Sony has reported a first-quarter net loss of 24.6bn yen (£202m) and cut its profit forecast for the year as it overhauls its business and pins its hopes on new TV technology.
The Japanese consumer electronics and entertainment giant said it now expected a 20bn yen (£164m) full-year profit.
This was down from an earlier projection of 30bn yen (£247m) for the financial year, ending March 2013.
Japanese exporters including Sony have been hammered by a strong yen - which hit record highs against the dollar late last year and remains strong.
A strong yen makes their products pricier overseas, while shrinking the value of their foreign-earned income.
In April, Sony said it would cut about 10,000 jobs and spend nearly £643m on an overhaul that its new president and CEO Kazuo Hirai described as "urgent".
Sony has vowed to return to the black after losing 456.66bn yen (£3.75bn) in the year to March, its fourth consecutive annual loss.
The losses have been particularly acute in Sony's television business, where Japanese electronics firms have been hurt by shrinking profit margins and stiff competition from foreign rivals.
Piracy has threatened its music and film assets, while Sony was also hurt by last year's joint quake and tsunami disaster.
As part of the overhaul, Sony said in June it would sell its chemical products division while teaming up with rival Japanese electronics giant Panasonic on developing televisions with advanced technology.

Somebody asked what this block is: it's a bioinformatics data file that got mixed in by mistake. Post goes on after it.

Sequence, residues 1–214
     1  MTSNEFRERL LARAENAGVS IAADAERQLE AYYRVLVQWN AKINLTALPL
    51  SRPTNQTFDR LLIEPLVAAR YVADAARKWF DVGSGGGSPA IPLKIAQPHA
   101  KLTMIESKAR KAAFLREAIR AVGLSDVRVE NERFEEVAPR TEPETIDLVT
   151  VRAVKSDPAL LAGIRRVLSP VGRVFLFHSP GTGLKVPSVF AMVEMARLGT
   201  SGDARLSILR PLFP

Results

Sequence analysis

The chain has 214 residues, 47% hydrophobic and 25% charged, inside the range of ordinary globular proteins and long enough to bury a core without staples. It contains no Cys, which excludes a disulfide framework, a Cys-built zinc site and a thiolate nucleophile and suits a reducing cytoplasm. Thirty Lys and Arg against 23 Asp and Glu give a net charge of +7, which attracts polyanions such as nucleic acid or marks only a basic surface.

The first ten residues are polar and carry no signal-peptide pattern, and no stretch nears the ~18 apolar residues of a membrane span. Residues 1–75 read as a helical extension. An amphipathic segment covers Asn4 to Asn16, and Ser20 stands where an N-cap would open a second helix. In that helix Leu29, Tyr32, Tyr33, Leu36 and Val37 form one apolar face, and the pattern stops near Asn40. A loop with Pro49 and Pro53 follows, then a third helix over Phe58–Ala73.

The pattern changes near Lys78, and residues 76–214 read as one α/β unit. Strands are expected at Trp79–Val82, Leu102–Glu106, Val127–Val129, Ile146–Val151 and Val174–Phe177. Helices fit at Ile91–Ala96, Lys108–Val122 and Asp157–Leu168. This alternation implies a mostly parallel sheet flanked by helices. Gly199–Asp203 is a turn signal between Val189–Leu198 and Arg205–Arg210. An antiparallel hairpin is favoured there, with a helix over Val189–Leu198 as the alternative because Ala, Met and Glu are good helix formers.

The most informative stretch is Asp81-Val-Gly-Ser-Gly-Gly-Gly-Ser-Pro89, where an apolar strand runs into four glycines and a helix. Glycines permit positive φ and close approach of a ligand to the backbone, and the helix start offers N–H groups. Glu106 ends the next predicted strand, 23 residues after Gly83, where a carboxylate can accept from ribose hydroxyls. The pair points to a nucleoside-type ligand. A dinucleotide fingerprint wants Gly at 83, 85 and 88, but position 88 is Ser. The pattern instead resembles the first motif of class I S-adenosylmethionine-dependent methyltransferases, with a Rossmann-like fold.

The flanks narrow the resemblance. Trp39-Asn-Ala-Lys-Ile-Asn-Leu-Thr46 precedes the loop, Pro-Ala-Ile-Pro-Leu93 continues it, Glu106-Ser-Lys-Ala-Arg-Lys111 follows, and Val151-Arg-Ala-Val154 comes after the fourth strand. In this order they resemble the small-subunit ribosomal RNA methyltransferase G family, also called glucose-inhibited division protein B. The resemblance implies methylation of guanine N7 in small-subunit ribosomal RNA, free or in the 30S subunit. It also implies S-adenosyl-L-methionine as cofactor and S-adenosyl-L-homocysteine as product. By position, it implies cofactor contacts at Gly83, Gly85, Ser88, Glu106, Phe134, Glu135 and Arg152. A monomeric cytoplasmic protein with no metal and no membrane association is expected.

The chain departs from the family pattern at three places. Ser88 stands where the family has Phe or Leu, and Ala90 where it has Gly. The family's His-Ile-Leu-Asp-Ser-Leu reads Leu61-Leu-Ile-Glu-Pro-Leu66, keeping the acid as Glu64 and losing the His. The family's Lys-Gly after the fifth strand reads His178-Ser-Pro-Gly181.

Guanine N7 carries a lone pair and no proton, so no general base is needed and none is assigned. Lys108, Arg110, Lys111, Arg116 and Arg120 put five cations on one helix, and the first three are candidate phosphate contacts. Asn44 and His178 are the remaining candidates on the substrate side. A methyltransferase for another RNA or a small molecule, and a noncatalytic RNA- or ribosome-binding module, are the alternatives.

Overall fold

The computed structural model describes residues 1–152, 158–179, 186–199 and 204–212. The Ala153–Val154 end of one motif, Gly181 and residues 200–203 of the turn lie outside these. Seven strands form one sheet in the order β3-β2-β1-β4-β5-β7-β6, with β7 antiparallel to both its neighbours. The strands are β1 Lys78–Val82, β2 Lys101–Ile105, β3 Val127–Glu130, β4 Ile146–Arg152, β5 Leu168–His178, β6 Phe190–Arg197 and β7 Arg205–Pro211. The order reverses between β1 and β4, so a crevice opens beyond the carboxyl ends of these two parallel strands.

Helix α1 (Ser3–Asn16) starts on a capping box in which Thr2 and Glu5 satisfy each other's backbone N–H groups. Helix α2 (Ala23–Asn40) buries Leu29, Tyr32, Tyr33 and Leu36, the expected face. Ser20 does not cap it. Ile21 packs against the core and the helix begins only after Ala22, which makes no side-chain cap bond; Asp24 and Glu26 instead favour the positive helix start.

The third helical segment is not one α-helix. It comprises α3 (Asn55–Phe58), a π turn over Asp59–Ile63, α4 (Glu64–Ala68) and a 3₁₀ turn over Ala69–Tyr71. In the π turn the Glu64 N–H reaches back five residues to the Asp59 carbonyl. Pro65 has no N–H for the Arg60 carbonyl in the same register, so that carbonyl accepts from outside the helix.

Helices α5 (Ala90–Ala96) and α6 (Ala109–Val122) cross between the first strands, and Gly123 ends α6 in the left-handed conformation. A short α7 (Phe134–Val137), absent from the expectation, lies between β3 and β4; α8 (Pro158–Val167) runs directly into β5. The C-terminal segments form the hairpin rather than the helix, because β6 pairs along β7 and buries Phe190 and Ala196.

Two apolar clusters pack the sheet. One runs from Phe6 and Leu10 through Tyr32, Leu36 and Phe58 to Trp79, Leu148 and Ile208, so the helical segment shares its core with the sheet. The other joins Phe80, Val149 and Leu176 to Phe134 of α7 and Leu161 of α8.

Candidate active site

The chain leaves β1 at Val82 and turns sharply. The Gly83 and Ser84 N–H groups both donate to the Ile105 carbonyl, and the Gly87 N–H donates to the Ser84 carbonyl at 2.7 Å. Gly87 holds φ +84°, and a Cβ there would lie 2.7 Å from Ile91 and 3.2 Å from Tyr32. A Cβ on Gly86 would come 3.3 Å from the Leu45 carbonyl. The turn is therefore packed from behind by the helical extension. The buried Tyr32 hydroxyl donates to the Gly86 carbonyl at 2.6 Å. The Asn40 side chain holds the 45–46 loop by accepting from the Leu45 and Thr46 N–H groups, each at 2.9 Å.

Despite a longstanding rivalry, the firms said they would aim to establish mass-production technology for organic light-emitting diode (OLED) television panels next year, as they try to recover from multi-billion-pound losses.
OLED technology lets producers make TVs that consume less power while offering a sharper picture than conventional flat panels.
It is expected to be one of the dominant technologies in next-generation televisions.
However, the industry has struggled to find an economical way to develop larger screens equipped with the technology, although this is set to change once the technology has become more established.
In June, Sony shares tumbled below 1,000 yen (£8.22) for the first time since 1980 and the era of the Walkman, sending the value of the company crashing to less than a 10th of what it was just over a decade ago.
On Thursday, Sony shares closed up 2.44% at 964 yen (£7.92) with the earnings results published after the markets closed.